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Twelve-year-old Hercules Beal hates his name. After all, he’s short and not intrepid like the physically imposing and heroic mythical Hercules. But it’s the name his parents gave him, and now he’s stuck with it. There’s one thing, though, that Hercules (the boy) has in common with Hercules (the myth)—in both cases, their parents have died.

Hercules lives with his older brother in Truro, Mass., and he’s convinced it’s the most beautiful place in the world. While Hercules attends the seventh grade at the Cape Cod Academy for Environmental Sciences, his brother operates the Beal Brothers Farm and Nursery, the business their parents owned and managed before they died.

At the beginning of the school year, Hercules’ homeroom teacher and language arts instructor, Lieutenant Colonel Hupfer—a tough, retired marine who brooks no complaints or excuses and tells his students he doesn’t care about their concerns—sends his students on a year-long mission, which he dubs a Classical Mythology Application Project. He explains, “The goal is to learn something about yourselves through studying the classical myths. They aren’t just bedtime stories ... and they aren’t just weird stories from the past. They are stories meant to convey something about the world and about your place in it.”

When Lieutenant Colonel Hupfer hands out his assignment to Hercules, the boy learns that he must perform the twelve labors of the mythical Hercules and write reports on what he has accomplished and learned about the relevance of these labors in regard to his own experiences.

Hercules isn’t sure where to begin. But his good friend (and heartthrob) Elly assures him that he shouldn’t worry about that because something will happen to make the path ahead clear. And Hercules learns that she’s right. Storms, the mysterious arrival of a dog, feral cats, wild animals, supposed enemies transformed into friends, budding romantic relationships, accidents, and more propel Hercules forward, and he learns that, like Hercules the myth, he has his own monsters and battles to overcome. But unlike the mythical Hercules who fought all his battles alone, Hercules begins to understand that “you can’t do everything by yourself. But once you figure out you don’t have to, you begin to look around and you see that even though you feel like you’ve been alone, you really haven’t been.”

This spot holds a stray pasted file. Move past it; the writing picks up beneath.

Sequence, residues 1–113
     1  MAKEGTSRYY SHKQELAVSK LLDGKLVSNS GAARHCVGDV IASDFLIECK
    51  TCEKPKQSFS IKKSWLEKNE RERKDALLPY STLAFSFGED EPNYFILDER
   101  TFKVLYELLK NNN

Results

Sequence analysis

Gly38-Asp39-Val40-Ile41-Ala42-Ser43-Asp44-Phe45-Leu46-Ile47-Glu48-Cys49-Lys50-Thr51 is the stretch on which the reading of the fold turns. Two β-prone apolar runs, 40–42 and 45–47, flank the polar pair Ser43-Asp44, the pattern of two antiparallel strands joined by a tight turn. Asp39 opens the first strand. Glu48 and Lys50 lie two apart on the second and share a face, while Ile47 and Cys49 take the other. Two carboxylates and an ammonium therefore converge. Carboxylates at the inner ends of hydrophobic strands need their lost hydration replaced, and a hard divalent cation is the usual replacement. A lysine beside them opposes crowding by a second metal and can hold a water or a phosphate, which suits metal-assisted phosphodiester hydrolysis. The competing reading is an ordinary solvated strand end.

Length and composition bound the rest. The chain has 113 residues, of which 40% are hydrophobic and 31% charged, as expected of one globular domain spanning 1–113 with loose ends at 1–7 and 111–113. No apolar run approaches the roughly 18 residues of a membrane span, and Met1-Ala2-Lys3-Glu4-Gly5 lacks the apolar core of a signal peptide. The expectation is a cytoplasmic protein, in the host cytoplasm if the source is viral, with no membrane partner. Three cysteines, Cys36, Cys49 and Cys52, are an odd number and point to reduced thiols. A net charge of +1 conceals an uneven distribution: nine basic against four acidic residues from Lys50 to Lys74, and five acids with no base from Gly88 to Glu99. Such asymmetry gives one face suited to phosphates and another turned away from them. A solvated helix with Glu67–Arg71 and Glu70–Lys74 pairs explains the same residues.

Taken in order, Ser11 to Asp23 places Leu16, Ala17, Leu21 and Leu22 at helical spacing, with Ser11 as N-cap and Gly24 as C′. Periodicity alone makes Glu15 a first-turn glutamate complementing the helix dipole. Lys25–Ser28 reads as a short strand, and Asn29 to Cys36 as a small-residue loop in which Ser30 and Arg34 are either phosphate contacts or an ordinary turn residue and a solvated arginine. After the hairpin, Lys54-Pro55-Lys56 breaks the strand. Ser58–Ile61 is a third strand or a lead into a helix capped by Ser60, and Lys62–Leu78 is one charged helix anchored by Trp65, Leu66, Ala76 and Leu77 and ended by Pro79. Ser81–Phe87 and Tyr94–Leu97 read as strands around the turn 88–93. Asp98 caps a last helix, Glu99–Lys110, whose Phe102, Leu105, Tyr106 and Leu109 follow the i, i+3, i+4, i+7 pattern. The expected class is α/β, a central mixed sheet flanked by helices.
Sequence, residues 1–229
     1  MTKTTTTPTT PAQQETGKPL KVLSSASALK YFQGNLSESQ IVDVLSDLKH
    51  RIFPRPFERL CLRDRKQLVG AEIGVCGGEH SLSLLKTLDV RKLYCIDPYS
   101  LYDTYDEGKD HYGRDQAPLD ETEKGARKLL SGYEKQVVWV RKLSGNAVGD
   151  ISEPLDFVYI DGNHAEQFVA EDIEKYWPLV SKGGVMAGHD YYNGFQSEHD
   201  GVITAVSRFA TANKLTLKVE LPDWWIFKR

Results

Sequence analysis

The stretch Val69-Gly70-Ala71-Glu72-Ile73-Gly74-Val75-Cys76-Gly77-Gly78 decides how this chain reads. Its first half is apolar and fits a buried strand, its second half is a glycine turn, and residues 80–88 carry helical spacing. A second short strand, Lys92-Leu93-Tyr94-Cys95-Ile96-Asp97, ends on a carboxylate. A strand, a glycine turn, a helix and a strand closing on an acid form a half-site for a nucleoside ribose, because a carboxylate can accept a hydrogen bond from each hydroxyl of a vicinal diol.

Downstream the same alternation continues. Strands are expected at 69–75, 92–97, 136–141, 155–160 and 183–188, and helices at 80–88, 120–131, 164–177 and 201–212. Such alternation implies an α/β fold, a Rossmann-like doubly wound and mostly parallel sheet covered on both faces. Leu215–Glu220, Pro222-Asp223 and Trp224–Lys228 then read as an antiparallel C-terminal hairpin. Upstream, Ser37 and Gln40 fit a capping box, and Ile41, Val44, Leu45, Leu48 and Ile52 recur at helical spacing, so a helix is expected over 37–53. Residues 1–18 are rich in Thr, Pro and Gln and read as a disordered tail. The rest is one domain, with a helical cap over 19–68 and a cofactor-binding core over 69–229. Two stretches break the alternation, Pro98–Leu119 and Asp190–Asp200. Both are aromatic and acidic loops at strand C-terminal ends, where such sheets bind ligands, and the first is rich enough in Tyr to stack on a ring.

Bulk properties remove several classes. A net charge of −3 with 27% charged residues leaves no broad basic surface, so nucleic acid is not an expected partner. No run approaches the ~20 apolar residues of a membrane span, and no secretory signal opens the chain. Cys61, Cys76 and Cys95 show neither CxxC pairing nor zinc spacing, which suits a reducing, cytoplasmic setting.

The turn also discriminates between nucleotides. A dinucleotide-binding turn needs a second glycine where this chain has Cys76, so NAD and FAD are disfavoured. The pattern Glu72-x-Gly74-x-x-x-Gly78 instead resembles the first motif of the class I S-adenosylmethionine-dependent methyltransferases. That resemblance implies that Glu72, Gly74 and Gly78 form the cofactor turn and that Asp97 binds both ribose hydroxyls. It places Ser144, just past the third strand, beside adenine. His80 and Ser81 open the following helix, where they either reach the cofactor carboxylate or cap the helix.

In this warm-hearted novel, peppered with laugh-out-loud scenarios and tear-inducing situations, author Gary Schmidt masterfully employs a clever premise—having a modern-day character perform the twelve labors of Hercules within his life’s context—to convey for middle school readers the sorrow, confusion, and uncertainty encountered through tragic loss, as well as the surprising, transformative nature of love received from people and pets.

(Clarion Books)

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